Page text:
Right, because previous cop-killings have ever caused cops to re-think their aggressive policing tactics, or caused their supporters to stop and wonder if maybe the murderers martyrs were right.

  • Utilitarian||

    Your proposed solution is violence? I'd rather we fix the law and impose severe criminal penalties on government officials who step out of line like the officers in this story.

  • Penny_Worth||

    This is a great long term solution, however, there are a few hurdles to overcome, not the least of which is the presumption of many that 'sheriffs deserve political support' and the 'American states' will not use their powers unjustly. Frankly, a SCOTUS ruling might be the first step, but without a change of mind at both the local and national level, we are not likely to see real consequences for out of line government officials. One over-arching problem, is, as John Stossell has put it, "All our rights are gradually eroded as government gets bigger." State and local governments have followed Federal governments in racking up deficits, and so 'need' the thefts to continue. Peaceful civil disobedience may be the only option we have left that has any hope of actually working on some of these issues, but that may not be until statist violence happens many times first.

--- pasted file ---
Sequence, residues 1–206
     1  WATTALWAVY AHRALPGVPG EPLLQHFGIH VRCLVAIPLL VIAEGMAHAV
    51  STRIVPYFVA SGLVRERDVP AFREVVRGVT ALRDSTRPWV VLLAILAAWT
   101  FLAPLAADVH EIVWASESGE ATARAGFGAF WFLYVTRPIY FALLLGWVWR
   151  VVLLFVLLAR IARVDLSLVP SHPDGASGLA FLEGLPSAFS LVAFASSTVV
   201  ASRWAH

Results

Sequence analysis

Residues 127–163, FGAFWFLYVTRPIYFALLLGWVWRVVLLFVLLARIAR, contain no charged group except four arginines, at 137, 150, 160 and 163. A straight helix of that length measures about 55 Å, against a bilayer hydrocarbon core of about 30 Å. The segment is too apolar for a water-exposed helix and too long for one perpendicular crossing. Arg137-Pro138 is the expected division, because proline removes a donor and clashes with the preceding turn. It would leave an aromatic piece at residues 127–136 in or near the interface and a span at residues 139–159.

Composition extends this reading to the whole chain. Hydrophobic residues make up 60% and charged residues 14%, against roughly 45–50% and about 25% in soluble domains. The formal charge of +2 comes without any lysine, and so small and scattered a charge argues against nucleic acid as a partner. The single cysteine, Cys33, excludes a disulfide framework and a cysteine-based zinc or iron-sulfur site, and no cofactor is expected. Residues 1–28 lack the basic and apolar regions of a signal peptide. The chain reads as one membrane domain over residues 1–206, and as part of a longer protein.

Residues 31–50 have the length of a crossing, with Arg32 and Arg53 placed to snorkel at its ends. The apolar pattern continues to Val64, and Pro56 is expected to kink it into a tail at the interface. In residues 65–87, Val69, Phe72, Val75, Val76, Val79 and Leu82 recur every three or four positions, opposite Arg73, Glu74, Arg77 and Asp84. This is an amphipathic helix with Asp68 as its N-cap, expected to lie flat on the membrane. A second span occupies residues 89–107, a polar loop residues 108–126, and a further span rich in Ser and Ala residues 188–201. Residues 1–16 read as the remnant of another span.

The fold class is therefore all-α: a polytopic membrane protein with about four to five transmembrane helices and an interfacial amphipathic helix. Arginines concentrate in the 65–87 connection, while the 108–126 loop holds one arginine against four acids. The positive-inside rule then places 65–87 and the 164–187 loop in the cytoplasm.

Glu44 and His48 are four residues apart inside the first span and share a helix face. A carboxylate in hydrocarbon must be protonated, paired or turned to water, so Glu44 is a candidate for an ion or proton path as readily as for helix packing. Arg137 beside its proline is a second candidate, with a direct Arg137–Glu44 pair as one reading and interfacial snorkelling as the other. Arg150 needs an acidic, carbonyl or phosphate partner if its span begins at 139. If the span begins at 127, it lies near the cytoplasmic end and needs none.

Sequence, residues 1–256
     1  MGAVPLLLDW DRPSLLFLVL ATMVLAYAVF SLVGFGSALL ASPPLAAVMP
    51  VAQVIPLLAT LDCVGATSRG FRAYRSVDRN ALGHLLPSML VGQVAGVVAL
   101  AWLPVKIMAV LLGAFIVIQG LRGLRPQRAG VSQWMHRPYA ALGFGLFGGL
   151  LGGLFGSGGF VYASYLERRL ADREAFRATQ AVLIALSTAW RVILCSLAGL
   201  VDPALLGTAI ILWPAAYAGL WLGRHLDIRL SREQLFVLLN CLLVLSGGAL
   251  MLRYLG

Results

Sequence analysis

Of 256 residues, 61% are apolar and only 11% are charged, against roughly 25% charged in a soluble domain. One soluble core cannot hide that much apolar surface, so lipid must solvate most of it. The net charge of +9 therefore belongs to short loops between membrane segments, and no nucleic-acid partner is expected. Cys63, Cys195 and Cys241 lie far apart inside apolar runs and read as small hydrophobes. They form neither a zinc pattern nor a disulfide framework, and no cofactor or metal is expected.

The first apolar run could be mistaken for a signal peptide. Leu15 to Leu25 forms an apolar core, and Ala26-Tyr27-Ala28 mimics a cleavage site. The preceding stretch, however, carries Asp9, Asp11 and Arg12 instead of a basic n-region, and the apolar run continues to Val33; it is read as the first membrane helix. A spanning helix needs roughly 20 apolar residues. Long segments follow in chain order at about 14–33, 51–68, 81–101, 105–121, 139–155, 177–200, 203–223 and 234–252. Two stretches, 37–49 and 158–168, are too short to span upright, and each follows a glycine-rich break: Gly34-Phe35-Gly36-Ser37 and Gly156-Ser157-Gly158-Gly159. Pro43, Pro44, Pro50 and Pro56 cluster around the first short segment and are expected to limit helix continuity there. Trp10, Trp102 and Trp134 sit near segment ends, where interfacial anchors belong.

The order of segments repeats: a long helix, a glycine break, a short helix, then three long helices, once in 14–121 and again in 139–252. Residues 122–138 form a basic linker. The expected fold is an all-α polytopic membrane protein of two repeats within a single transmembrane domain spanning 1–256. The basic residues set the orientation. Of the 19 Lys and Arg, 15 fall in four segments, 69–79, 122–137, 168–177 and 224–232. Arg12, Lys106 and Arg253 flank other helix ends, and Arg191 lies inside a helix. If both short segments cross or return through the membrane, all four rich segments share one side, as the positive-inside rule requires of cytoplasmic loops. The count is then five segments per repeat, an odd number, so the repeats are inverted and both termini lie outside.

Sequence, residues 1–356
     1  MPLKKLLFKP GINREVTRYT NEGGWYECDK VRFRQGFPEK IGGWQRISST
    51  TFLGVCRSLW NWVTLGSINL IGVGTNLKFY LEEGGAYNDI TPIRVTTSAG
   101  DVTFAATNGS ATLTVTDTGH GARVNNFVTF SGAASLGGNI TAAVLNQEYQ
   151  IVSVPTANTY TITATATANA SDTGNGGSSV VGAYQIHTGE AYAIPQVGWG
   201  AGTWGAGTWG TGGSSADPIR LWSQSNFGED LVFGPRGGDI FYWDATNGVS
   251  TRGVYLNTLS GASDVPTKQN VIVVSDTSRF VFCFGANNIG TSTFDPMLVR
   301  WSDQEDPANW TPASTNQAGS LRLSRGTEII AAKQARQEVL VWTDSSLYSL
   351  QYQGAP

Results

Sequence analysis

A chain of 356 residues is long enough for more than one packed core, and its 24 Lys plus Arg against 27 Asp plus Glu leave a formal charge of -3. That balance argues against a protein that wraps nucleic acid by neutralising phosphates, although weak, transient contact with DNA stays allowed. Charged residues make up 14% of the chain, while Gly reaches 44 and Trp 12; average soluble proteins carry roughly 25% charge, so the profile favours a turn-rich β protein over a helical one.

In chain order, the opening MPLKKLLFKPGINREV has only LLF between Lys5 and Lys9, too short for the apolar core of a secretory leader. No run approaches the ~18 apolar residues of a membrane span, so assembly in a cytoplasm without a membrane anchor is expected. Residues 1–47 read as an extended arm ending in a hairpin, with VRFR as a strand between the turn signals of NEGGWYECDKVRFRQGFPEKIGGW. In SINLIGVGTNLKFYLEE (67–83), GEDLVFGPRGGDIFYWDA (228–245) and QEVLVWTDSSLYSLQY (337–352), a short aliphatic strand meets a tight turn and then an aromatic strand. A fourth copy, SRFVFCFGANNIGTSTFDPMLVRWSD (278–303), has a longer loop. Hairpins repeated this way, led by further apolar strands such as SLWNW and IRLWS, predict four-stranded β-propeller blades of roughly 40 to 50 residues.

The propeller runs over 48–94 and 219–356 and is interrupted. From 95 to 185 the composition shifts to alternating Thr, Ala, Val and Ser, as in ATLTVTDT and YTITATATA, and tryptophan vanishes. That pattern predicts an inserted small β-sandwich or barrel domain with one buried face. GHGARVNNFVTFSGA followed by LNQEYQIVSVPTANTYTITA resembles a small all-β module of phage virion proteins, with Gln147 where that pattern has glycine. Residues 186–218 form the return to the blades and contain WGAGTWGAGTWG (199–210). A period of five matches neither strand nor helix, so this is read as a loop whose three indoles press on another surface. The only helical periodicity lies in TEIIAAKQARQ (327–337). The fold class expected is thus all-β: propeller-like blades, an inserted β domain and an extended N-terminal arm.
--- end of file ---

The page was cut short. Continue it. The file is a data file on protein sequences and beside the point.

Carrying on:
• Uncle Jay||

    Hopefully, the SCOTUS will allow such theft from the accused for a host of good reasons.
    First, it will fill the coffers of the state, local and federal law enforcement agencies that are barren and will afford these people who work for them to find a place to stay instead of living under the local bridge.
    Secondly, it lets all the little people who the boss is. For too long, the unwashed masses have depended upon that racists, homophobic, pro-capitalist and fascist document to protect them, the US Constitution. This decision, if deemed correctly will further erode the unnecessary, outdated and evil document and will open the doors of the progressive, wise and humane door of socialist totalitarianism we all covet. Destroying the people's rights will only prove to be a wise and beneficent decision for all concerned, especially the ruling elites who know how suppress the hoi poiloi properly.